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Module converts ASCII math to Mathml

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The asciitomathml converts ASCII math to MathML. See for more details. As an example, asciitomathml converts the string x^2 to:

<math xmlns="">


Install asciitomathml in the normal way:

python install

Installation for Python 3

I have included a small script to convert the library to python 3. Run this script with a bash command:


If you are running Windows, then do the following three steps:

  1. Run the script asciitomathml/ >

  2. mv asciitomathml/

  3. 2to3 -w asciitomathml/

Then install as you would as above:

python3 install


The following creates etree from a string:

import asciitomathml.asciitomathml
the_string = 'x^2'
the_string = unicode(the_string.decode('utf8')) # adjust to your own encoding
math_obj =  asciitomathml.asciitomathml.AsciiMathML()

In order to get the tree, use th math_tree method:

math_tree = math_obj.get_tree() # math_tree is an etree object

Instead, if you want an XML string, use the to_xml_string method:

xml_string = math_obj.to_xml_string() # xml_string is an XML string

The xml_string will have type ‘str’ and be encoded as US-ASCII. For XML applications, this encoding (with entities, of course) will render exactly the same as encoding the string. If you need a differenct encoding, however, pass the “encoding” option to the to_xml_string method:

xml_string = math_obj.to_xml_string(encoding='utf8')

If you pass an encoding other than utf8 to this method, the string will start with the standard XML encoding, in accordance with XML standards:

<?xml version='1.0' encoding='utf8'?>

If you are incorporating the string into an XML document, and don’t want the encoding string, you should probably use the get_tree method and incorporate the resulting object into your etree document. Likewise, by not passing any encoding to this method, the returned string will be encoded as ASCII and should not include the encoding part of the string. However, if for whatever reason you need a tree without the encoding, pass the no_encoding_string option to the to_xml_string method:

xml_string = math_obj.to_xml_string(encoding="utf8", no_encoding_string = True)

Math style

You can pass any attributes to the <msstyle> that are allowed. Use the mstyle option to pass a dictionary when creating the method:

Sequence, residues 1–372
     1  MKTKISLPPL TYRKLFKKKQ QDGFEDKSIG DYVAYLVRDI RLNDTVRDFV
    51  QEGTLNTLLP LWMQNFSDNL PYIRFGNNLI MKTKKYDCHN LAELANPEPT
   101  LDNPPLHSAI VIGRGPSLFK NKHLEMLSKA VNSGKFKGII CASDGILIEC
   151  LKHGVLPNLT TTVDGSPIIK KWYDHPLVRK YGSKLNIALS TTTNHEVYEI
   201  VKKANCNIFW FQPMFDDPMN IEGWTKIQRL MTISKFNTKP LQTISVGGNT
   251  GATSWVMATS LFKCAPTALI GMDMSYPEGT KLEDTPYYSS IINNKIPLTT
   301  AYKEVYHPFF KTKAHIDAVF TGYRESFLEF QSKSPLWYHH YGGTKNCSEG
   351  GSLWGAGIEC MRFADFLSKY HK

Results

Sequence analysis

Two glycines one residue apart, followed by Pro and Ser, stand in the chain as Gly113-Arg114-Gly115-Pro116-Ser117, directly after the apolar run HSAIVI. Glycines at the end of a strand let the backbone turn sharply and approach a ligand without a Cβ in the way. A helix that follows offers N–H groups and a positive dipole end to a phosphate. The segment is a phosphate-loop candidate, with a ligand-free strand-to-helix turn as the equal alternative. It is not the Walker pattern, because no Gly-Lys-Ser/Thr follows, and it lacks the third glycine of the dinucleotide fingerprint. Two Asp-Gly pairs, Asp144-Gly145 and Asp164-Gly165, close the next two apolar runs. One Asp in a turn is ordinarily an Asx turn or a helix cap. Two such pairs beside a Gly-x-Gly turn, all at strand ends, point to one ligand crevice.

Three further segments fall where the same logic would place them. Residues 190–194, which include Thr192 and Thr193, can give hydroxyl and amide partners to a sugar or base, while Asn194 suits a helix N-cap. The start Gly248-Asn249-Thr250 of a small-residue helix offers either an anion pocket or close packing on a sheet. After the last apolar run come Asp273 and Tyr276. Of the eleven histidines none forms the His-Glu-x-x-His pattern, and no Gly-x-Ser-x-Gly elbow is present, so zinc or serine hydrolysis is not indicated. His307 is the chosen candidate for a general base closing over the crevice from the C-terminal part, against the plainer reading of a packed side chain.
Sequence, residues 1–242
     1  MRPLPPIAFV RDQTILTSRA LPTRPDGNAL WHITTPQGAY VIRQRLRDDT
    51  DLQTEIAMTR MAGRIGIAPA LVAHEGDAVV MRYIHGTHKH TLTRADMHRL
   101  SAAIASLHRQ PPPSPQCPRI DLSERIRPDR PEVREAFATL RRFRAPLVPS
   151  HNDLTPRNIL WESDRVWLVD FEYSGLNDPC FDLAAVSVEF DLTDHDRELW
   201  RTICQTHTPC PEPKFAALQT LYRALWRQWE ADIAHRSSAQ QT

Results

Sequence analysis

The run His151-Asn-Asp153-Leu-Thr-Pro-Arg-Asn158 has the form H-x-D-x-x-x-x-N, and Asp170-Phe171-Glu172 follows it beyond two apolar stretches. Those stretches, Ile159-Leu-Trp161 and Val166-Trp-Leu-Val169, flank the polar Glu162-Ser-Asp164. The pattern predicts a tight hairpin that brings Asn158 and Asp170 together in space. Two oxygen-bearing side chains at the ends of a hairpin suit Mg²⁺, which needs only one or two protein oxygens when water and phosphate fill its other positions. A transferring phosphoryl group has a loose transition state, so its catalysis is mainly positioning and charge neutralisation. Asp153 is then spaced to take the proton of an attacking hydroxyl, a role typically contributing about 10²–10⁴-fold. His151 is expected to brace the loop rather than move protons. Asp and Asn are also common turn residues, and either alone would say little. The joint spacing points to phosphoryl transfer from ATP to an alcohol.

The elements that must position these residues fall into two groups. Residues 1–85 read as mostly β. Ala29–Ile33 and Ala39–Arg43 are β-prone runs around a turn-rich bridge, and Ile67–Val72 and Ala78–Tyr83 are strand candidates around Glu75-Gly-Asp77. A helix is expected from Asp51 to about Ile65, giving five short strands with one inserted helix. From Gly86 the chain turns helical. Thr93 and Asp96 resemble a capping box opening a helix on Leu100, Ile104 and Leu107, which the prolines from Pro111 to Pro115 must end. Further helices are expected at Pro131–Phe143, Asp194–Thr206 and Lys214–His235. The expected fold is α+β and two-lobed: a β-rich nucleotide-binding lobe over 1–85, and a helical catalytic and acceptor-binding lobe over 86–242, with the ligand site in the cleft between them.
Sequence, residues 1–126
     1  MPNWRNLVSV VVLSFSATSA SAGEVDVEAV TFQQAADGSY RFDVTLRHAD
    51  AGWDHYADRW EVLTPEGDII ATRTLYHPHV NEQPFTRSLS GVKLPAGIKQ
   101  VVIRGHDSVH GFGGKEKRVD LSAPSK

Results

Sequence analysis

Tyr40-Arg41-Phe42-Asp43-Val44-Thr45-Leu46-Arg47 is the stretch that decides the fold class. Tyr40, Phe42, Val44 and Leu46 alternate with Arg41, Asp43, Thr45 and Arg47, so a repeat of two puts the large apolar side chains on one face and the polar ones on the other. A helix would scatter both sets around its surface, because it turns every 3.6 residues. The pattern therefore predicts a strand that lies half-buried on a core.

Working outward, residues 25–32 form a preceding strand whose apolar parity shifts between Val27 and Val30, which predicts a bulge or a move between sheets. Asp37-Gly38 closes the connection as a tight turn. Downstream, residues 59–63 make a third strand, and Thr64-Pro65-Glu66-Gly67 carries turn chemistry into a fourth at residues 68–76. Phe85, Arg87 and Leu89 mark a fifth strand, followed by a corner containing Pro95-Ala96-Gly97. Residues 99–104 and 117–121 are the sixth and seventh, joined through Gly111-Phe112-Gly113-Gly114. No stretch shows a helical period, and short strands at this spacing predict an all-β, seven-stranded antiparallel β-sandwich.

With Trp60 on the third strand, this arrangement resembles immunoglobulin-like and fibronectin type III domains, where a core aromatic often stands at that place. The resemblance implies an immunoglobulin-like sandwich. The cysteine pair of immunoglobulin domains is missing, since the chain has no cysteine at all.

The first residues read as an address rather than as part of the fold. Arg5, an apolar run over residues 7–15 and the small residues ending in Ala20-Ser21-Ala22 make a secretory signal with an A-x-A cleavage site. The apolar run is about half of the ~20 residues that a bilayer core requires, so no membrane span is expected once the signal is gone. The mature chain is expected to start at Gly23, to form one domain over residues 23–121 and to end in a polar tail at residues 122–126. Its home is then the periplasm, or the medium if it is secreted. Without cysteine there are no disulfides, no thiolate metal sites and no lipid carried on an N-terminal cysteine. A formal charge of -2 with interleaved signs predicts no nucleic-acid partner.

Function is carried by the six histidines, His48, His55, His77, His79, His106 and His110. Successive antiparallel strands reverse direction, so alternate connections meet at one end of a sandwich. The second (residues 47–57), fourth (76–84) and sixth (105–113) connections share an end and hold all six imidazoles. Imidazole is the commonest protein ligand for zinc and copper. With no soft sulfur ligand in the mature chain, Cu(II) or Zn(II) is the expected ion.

math_obj =  asciitomathml.asciitomathml.AsciiMathML(mstyle={'displaystyle':'true'})

The most useful attribute is probably displaystyle. In general, set this attribute to true if you will put the equation by itself, in block. Otherwise, don’t set this value at all, or set it to false. The consortium for mathml explains it this way:

For an instance of MathML embedded in a textual data format (such as HTML) in “display” mode, i.e. in place of a paragraph, displaystyle = “true” and scriptlevel = “0” for the outermost expression of the embedded MathML; if the MathML is embedded in “inline” mode, i.e. in place of a character, displaystyle = “false” and scriptlevel = “0” for the outermost expression. See Chapter 7 The MathML Interface for further discussion of the distinction between “display” and “inline” embedding of MathML and how this can be specified in particular instances. In general, a MathML renderer may determine these initial values in whatever manner is appropriate for the location and context of the specific instance of MathML it is rendering, or if it has no way to determine this, based on the way it is most likely to be used; as a last resort it is suggested that it use the most generic values displaystyle = “”true”” and scriptlevel = “”0””.


I have included two scripts as examples. These scripts show the capability of the libarary. Since they must read text from a file, form paragraphs, and distinguish between math and non math markup, they are not meant as tools for extensive conversion of text to HTM or FO. For such conversions, see:

Specifically, see the sandbox/docbook directory, which features extensive stylesheets and instructions for converting text to docbook, and then to HTML or FO.

In order to use the scripts, type:

python scripts/ <file.txt>


python scripts/ <file.txt>

The scripts convert anything between “`” and “`” to mathml; otherwise, the scripts just copy the text verbatim. See the examples in the example directory. For a quick start, try:

python scripts/ examples/linear_regression.txt > linear.xhtml

and then open linear.xhtml in a browser that can handle mathml, such as Firefox.


To test the library, change to the test directory and type


You should get no messages.

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